Venezuela’s economy has been ravaged by the recent drop in oil prices, in large part due to higher production of fossil fuels in the United States. While the nation’s economy has already been suffering since the Chávez era due to the cumbersome expenses on the government’s part to help subsidize programs allegedly to aid the poor, recent months have seen a significant downfall in the value of Venezuelan currency. The situation has exacerbated the looming threat of hyper-inflation.
Rather than cutting spending, however, the socialist government is carrying on with its month-long Christmas festivities. Some weeks after debuting the “socialist Barbie” (it’s a Barbie the government forces stores to sell at 10% of retail value), President Nicolás Maduro has announced a series of festivals and giveaways that will last all month. One such event, the “Festival of Latin American Music,” was scheduled to begin on November 28 and last through December 6, and feature more than 200 musical acts.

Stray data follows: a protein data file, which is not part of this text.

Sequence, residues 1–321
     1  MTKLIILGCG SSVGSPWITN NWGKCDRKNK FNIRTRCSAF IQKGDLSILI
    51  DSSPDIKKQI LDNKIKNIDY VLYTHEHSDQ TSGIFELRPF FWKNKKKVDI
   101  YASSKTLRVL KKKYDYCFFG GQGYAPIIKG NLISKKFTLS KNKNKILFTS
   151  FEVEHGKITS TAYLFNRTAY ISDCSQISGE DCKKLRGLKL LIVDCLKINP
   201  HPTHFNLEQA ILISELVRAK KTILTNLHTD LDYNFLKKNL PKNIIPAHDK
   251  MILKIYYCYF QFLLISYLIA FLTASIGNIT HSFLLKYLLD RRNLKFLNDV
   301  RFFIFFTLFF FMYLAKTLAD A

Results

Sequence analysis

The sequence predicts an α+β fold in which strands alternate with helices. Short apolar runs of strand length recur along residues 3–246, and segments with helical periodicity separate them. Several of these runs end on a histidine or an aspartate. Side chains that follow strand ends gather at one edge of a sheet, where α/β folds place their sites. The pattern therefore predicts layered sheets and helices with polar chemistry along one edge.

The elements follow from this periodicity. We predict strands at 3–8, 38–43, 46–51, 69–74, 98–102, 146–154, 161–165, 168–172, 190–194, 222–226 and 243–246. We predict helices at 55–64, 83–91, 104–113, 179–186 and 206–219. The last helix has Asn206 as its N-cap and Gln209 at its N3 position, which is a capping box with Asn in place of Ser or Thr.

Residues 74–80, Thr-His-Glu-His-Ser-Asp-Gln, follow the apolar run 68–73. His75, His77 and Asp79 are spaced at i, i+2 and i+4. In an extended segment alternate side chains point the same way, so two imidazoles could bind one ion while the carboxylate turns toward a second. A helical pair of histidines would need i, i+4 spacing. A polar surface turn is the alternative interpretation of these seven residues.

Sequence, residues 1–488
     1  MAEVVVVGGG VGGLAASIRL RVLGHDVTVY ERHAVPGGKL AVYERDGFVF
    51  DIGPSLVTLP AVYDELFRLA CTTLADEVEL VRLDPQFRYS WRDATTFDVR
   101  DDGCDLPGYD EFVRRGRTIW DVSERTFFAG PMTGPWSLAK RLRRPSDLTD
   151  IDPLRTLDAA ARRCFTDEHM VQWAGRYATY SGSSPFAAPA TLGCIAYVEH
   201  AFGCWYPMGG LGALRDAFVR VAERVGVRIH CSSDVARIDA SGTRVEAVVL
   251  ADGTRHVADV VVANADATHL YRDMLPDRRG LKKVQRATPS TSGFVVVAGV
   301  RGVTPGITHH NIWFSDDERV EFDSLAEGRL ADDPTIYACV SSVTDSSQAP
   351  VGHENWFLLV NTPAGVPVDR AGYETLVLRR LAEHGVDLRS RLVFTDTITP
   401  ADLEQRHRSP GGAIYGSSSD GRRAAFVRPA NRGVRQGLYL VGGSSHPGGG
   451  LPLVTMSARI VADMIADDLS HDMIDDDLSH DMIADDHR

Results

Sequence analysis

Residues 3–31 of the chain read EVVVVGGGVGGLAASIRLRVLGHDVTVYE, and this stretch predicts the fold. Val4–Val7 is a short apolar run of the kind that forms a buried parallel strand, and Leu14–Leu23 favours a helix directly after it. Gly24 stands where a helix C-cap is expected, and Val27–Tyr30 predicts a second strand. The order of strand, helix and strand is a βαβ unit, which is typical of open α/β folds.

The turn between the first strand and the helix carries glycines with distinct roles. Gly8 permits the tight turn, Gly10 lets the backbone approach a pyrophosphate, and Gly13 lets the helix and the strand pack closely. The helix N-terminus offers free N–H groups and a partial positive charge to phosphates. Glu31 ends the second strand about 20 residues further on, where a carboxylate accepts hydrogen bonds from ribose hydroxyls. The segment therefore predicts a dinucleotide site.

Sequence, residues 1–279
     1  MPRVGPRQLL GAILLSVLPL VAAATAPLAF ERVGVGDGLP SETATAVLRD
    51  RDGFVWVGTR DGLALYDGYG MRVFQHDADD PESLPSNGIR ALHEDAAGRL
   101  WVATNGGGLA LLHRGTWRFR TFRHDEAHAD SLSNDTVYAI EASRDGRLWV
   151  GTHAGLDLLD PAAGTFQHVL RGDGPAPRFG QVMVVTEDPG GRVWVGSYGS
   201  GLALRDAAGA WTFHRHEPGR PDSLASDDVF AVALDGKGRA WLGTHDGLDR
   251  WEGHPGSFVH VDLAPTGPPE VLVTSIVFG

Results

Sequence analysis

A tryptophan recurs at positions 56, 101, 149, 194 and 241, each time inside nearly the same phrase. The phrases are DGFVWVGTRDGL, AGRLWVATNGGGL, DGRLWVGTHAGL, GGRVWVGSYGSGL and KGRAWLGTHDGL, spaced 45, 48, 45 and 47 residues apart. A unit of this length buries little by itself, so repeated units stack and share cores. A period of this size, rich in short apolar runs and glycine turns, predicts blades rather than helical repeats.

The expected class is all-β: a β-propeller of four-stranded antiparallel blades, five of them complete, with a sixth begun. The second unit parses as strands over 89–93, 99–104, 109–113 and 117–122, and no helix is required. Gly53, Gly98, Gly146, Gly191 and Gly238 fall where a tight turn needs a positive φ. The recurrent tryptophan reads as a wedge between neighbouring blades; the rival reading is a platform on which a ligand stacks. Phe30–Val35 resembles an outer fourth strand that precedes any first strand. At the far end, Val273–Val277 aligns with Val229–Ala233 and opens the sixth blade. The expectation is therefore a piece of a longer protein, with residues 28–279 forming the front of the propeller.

Opposition leaders concerned about the current state of the nation’s economy, which has forced much of the country to shop in illegal open-air bazaars to find coveted products such as deodorant and laundry detergent, have questioned the wisdom of spending so much money on public events. And Chavistas are fighting back: as the Argentine news outlet Infobae put it, “anyone who dares question government spending becomes an enemy of Saint Nick.”
Ernesto Villegas, the governor of Caracas’ Capital District, attacked the opposition on state television and accused them of wanting to deprive Venezuelans of the Christmas holiday. Speaking with respect to a separate festival called Suena Caracas (“Caracas Sounds”), he accused the opposition of orchestrating what he called “Operation Grinch” to “steal Christmas from the people once again.” “This is an operation against Christmas in general, against the right of Venezuelans to halt daily life once a year to celebrate family, union, and [get together] for the end of the year and the beginning of a new one,” he claimed. “This all occurs in December, independent of political or economic conditions and of religious beliefs.”
The Chavista dictatorship has long used Christmas as a political tool. Last year, President Maduro released a “anti-capitalist” Christmas carol dedicated to extolling his own greatness, as well as proclaiming the entire month of December “Christmas” and starting the holiday celebrations in November. Claims of a “war on Christmas” by the opposition also recall insidious campaigns by Maduro lackeys against his former presidential campaign rival, Henrique Capriles Radonski, who was the target of a number of anti-Semitic attacks by Chavistas (Radonski is a practicing Catholic of ethnically Jewish background).